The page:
Derivatives Traders Get Attention

Some large investors expect to put more money into futures and options trading funds while reducing their allocation to private equity.

Global macro and managed futures look to be the winners in a slow-motion shift away from strategies that rely on credit and require long-term locking up of capital. Many institutional portfolios contain small investments in macro and futures – ranging from 5% to 15% of the overall portfolio– and some have none. But interest increased in response to the 2008-2009 experience.

Part of the advantage of trading futures and options is that a little capital goes a long way and no credit is required. The instruments can be traded with only small margins while  taking advantage of opportunities in many markets, ranging from bonds and currencies to commodities and stocks. Because futures can be bought and sold relatively easily, the funds that trade them tend to be easy to redeem.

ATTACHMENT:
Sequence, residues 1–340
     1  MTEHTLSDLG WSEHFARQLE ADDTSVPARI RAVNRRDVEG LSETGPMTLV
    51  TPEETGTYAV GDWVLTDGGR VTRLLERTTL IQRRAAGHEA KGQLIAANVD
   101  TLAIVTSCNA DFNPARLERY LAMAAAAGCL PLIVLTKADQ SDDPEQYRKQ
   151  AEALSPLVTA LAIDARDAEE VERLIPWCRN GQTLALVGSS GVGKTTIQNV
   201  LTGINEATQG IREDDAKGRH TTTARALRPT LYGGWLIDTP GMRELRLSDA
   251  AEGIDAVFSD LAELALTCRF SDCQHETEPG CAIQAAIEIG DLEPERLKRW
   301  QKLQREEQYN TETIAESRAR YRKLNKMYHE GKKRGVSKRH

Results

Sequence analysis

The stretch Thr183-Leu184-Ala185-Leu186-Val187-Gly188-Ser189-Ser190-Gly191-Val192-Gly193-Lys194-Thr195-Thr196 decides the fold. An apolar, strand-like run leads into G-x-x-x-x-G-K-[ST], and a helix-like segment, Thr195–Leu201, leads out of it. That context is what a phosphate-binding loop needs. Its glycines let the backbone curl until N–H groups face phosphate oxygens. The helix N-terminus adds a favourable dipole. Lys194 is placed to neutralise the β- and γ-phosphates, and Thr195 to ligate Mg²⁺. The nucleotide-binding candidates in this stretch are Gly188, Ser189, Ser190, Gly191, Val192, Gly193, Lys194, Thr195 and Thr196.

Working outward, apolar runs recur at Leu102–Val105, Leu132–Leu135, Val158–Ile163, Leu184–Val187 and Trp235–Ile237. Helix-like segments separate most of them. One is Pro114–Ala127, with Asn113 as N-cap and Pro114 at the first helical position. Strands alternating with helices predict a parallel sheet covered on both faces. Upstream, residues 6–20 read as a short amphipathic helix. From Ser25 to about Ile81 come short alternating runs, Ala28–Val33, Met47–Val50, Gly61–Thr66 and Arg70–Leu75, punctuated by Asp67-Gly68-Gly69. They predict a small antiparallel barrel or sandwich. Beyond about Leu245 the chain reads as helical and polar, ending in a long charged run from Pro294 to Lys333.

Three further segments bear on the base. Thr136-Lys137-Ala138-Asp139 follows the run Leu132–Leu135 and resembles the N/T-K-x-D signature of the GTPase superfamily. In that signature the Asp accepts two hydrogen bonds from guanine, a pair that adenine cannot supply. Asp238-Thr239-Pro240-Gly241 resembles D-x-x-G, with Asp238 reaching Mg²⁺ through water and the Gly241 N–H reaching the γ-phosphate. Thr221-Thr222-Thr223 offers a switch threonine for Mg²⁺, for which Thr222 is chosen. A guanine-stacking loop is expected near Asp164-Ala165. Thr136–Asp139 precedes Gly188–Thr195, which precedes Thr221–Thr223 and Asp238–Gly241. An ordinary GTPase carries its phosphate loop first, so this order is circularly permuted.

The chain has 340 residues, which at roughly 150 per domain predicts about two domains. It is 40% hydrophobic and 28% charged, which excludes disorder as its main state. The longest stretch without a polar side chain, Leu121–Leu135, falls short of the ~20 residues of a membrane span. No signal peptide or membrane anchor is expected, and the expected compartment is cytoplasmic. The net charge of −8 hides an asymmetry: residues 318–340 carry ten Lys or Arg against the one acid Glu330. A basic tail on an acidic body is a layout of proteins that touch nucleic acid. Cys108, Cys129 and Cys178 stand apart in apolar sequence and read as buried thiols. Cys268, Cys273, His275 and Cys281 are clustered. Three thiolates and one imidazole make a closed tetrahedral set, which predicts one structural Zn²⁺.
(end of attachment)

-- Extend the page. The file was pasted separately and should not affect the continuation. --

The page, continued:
By contrast, in private equity big gains in the past came from leveraged buy-outs that were dependent on readily available credit. Lock-ups last seven years or longer to allow the sale of portfolio companies.

In the 2009 credit crunch, endowments and foundations found themselves unable to raise needed cash because the private equity interests they held could not be redeemed and proved impossible to sell at reasonable prices. As a result these institutions are now wary of private equity.

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